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Sami Yusuf Responded to Islamophobia Through Music

Sami Yusuf Responded to Islamophobia Through Music

In a such crazy world, full of hatred, hypocrisy and murdering in the name of religion, we may find it difficult to explain to those who are not of our faith that THIS is not Islam.
As an artist (I’m a photographer), I believe we see that art plays a very important role in expressing ideas, addressing very sensitive issues, and advocating for others in need through creativity.

He explains that this album was created for one specific reason  — to provide his response to the atrocities carried out in the name of Islam.

When we come across such an artist that is able to all of the above, it’s a spritual and magical moment of connectivity. Sami Yusuf, the Spiritique, has been accomplishing this though his journey in the music field, as an international peace, love, and beauty advocator and ambassador.
Yusuf, the Islamic British singer and songwriter, who was born in Iran in a musical family, recently launched his new album, Barakah, which by definition means grace. He explains that this album was created for one specific reason  — to provide his response to the atrocities carried out in the name of Islam.
He states, “This violence denies 1,400 years of our rich culture, knowledge, and wisdom. It promotes intolerance and hate.”
Sami Yusuf has always been my favorite singer, and each time he never ceases to amaze me by the levels of connectivity he brings to his listeners.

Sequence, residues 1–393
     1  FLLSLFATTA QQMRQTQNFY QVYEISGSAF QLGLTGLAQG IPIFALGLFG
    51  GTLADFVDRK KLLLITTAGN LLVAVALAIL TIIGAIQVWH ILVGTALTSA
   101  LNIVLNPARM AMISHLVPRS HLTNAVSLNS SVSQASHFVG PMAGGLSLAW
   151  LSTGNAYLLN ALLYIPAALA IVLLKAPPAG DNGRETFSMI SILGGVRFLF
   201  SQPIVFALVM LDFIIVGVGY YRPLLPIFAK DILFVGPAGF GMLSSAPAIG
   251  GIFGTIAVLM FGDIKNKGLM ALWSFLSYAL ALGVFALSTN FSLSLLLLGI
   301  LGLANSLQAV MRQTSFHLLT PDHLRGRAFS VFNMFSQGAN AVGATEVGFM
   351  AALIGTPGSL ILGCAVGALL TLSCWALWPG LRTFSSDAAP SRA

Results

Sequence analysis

He doesn’t only present art, but real messages. Every song written on this album is a poem originally written by him or contributed by the greats such as Ibn Arabi, Rabeia Al-Adawiya and Hafiz, with the help of his friends who are philosophers at Harvard, Yale, and Stanford.
This album is a museum and a celebration of 1000 years of sacred music. Yusuf states, “to listen to that album, it has more grace, authenticity, and truth in it…more than reading a book written in the 19th century on fundamentals of religion.”

Yusuf’s ability to use such different poems, remixes, and instruments provides me with this mental ability to take this journey back in time — back to your inner self — back to traditions.

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He believes that getting immersed in this music will connect us with who we are, with our Islamic traditions, and ultimately, get us to know our heritage.
One of the best ways I find to calm myself down is to listen to Barakah while praising God. It helps me to recharge, filling me with positivity needed to get through my day.
Yusuf’s ability to use such different poems, remixes, and instruments provides me with this mental ability to take this journey back in time — back to your inner self — back to traditions.
Sami invites us all to interact with the whole experience, and Barakah is a real experience of love and longing for the Divine.
“And those who listen to it will find it heavy…because it’s traditional; but when you start training your ears on traditional music, it’ll be very difficult to listen to something else,” Yusuf explains.
According to one source, of review, Barakah will also aid you in exploring the timeless truths and wisdom exuding from the sacred traditions, wherever you may be from.
One day I wish to meet Sami Yusuf — maybe after one of his concerts. I would take that opportunity to wish him all the best in whatever he does — because he’s assisting me and other Muslims in strengthening our relationship with God and navigating our complex identities.

Written by Muslim Girl Staff Writer from Gaza, Palestine, Asmaa Elkhaldi.

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  • Recently bought this album (on Google Play, but I usually love having the case etc)! Loving it so far! Great manner in which to respond to recent times. And yes, the vibe is much more deep than past releases I must say, though he has had so many great tracks over the years.

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